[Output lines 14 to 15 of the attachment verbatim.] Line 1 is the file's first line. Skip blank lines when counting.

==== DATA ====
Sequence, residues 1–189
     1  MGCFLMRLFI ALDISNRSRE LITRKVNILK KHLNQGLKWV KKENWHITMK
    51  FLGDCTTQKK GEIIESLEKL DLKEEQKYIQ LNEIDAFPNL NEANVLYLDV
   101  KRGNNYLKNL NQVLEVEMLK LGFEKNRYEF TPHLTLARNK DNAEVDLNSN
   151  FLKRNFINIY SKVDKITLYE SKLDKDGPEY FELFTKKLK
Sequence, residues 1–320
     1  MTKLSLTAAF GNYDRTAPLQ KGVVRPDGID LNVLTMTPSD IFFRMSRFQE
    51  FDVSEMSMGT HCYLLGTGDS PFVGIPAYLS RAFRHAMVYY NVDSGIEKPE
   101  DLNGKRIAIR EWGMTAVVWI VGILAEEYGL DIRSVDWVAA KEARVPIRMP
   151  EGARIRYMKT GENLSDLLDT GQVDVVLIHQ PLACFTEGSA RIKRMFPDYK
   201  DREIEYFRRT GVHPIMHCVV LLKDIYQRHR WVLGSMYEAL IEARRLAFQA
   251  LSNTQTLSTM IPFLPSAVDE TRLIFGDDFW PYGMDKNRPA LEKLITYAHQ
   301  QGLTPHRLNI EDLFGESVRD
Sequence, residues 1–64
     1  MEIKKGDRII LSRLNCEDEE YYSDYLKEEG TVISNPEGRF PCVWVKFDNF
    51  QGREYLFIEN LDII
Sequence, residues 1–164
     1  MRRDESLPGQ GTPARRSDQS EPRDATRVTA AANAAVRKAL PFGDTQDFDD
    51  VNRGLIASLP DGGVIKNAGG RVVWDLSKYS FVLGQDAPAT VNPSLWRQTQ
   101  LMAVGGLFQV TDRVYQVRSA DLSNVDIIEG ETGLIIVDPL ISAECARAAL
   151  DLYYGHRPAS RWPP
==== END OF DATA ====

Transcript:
Sequence, residues 1–64
     1  MEIKKGDRII LSRLNCEDEE YYSDYLKEEG TVISNPEGRF PCVWVKFDNF